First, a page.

Can blockchain & "smart contracts" empower localities?

Vinay Gupta has been challenging thinking in the UK (and global) tech sector for a decade. His new venture, Hexayurt Capital, intends to fund projects that support blockchain technology.

Er, blockchain? The OED defines it as "a digital ledger, in which transactions made in bitcoin or another cryptocurrency are recorded chronologically and publicly". A living expression of this might be: "we can actually have a look at the blockchain and see evidence of what's going on".

What use is this - which is what the can-do readers of The Alternative UK will ask? Vinay has written two helpful articles for the Harvard Business Review - the first an overall explanation of the blockchain, but the second makes it crystal clear what this tech makes possible: "The promise of Blockchain is a world without middlemen". 

Across these pieces, and in his major thesis "The Internet of Agreements", Vinay holds out the prospect of a new world of trading relations. Buyers and sellers will be connected by "smart contracts" that are enacted by computer programming, removing the percentage commission charged by current (and often human-run) intermediaries.

Vinay thinks this will liberate local economies to trade much more efficiently with their far-flung customers as possible - and thus unleash a new, more balanced era of economic growth. (There are sceptical voices though - see Brett Scott).  

Here's at least a clear vision, taken from The Internet of Agreements paper:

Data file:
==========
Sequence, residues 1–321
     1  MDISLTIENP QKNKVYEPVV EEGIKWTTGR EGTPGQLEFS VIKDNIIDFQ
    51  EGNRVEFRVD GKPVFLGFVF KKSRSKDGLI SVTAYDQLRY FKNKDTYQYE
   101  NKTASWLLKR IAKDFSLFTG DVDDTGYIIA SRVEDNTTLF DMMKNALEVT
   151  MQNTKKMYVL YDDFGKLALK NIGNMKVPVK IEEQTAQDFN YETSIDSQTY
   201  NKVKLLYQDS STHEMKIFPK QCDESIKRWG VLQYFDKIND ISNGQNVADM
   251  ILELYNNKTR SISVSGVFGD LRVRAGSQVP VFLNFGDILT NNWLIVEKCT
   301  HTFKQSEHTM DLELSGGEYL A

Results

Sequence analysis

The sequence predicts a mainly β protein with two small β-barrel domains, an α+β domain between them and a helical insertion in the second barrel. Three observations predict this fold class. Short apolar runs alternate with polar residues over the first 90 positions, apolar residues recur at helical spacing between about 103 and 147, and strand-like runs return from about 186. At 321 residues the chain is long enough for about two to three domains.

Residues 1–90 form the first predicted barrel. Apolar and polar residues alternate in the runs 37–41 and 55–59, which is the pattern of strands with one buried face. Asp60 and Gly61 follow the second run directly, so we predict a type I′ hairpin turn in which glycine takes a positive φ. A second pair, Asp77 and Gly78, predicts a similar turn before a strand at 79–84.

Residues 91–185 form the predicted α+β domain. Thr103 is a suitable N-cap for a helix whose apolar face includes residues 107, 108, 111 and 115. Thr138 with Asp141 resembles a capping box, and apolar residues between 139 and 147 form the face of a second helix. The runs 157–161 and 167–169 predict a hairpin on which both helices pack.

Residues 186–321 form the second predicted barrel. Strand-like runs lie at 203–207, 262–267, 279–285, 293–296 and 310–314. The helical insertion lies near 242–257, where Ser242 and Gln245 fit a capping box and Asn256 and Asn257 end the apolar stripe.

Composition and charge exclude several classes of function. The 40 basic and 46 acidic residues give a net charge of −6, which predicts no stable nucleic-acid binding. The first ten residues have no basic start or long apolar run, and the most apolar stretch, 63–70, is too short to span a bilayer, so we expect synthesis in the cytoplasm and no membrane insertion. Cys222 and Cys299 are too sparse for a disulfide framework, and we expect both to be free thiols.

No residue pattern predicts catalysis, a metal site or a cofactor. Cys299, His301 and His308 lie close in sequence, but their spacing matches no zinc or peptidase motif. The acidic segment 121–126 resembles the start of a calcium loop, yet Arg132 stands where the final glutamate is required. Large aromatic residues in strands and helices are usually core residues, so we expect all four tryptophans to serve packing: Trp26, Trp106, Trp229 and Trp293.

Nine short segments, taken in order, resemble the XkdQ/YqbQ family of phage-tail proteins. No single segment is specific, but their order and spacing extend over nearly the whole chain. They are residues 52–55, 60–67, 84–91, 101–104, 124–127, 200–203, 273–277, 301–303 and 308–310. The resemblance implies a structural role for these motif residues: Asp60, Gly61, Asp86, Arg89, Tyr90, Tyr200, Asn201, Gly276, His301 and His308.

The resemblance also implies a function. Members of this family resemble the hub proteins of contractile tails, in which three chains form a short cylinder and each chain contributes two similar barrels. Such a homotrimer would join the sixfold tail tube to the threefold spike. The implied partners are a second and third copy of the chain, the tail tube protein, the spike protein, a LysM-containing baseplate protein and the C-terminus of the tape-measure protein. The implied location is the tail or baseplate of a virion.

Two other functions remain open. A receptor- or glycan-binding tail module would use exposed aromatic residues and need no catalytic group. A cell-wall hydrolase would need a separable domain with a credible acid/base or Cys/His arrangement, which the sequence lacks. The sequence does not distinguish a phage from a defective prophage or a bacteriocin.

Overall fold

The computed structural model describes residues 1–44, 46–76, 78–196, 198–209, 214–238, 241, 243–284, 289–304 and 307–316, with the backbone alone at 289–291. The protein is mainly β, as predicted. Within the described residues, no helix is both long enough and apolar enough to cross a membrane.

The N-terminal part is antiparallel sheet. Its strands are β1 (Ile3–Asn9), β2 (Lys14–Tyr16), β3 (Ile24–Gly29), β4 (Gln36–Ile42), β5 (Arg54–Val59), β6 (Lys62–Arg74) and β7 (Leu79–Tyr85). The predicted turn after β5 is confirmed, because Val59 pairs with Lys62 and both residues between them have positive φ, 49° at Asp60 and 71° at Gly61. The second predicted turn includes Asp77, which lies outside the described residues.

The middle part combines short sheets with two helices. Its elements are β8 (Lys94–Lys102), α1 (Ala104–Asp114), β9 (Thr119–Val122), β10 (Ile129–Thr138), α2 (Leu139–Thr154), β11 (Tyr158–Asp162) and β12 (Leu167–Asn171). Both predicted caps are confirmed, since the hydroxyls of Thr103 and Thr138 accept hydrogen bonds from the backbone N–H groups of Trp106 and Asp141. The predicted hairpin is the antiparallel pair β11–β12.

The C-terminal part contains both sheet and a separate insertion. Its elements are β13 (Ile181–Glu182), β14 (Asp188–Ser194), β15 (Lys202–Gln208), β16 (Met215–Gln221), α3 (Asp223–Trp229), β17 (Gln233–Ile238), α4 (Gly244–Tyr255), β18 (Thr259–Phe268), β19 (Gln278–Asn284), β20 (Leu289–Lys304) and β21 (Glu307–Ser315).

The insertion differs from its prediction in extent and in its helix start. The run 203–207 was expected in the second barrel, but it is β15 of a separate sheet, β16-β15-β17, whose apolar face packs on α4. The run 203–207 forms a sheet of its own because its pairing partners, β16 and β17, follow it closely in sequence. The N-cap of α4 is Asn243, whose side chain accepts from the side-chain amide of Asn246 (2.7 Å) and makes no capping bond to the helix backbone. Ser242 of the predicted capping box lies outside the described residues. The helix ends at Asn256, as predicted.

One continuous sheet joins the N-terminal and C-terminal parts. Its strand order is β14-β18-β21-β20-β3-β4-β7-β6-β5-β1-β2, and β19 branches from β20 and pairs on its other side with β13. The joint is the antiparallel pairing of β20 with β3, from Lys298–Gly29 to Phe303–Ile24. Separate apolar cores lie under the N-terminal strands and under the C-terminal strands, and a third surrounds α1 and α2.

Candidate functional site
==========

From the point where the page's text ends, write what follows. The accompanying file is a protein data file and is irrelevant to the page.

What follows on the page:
Computers have come a very long way since the golden age of facilitating international trade by flattening local regulation. That paradigm is old and has not been challenged in many decades. 

But now the technology has caught up with the challenges of representing the real world. If we correctly deploy technology to facilitate international trade, we can get a much better new equilibrium.

On one hand, local flexibility and the ability of local governments to regulate in the interests of their people. On the other hand, the ability to cheaply and effectively form international complex value networks, to liberate the productivity which is still locked up behind transaction costs and regulatory diversity.

You could think of this model as “Globalization 2.0”. The first globalization was an industrial model of globalization, where everything has to be made with the same standards before people can work together. 

In Globalization 2.0 computers take the strain of handling local differences in standards, regulation and consumer preference, and advanced manufacturing meets these requirements because it can run small batches tailored to local needs efficiently.

Computers handle the red tape, and the blockchain is the next step.